In retrospect, I kind of wish WOC would have picked a module that was a bit more fleshed out and solidified for the first play test because I was in such a hurry to try out the game. That, or I wish I would have taken the time to create a more creative entry point to the adventure. Other than that, though, I was pleased with many of the game mechanics of the play test. We did have a few uncertainties come up. One time I had an instance when it seemed like two abilities (strength and dexterity) should apply to the DC of the task a player character was attempting, so I had the player blend both ability modifiers together and divide it by two (rounded down) to come up with an in between modifier for the attempt. That worked fine. Lastly, I was unclear how to apply advantage for the kobolds whenever they outnumbered the PCs as outlined in the monster stats. I couldn’t tell if the rule was supposed to be as simple and basic as always giving them advantage when they outnumber the PCs in melee and at a distance, seen and unseen. To give them advantage in all these situations seemed a little weird to me. Was I only supposed to give it to them if they swarmed the PCs in melee? What if the PCs have as many people as the kobolds, but three kobolds manage to swarm a single PC? In the end, I made judgment calls for each situation as it arose.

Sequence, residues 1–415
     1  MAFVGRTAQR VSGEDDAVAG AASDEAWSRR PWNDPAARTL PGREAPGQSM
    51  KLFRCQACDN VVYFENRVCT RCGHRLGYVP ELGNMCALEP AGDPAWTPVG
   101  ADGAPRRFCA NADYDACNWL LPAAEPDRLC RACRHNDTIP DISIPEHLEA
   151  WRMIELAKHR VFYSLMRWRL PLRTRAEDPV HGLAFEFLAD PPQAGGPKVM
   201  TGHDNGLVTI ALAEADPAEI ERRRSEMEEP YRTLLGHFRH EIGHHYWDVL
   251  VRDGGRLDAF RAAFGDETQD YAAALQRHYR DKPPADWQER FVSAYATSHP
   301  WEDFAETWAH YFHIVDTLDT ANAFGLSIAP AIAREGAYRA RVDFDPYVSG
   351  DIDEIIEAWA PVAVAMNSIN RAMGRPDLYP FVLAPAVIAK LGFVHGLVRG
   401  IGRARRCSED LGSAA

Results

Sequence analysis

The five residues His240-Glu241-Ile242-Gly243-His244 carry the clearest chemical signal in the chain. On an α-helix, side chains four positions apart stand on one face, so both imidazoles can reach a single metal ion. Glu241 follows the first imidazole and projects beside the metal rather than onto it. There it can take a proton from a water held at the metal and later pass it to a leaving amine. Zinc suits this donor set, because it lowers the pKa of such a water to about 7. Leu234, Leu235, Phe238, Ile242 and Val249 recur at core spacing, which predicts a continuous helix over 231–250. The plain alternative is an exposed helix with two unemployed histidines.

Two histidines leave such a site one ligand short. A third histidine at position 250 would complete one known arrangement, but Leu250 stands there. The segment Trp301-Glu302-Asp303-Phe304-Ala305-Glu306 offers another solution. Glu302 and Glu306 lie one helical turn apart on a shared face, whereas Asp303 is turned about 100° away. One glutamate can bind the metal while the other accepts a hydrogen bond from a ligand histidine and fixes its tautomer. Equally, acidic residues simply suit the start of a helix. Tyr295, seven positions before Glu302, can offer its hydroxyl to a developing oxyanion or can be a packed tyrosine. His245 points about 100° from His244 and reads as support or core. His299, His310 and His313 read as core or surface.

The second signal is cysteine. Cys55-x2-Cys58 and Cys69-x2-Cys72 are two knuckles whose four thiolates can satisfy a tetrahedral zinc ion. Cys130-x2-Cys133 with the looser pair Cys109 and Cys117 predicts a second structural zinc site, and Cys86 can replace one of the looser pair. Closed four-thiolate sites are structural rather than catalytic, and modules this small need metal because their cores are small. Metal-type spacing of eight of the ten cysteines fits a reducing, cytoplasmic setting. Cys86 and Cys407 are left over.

What about you? How did your play session go, and what did you think about the adventure and its survey, and what rules would you change?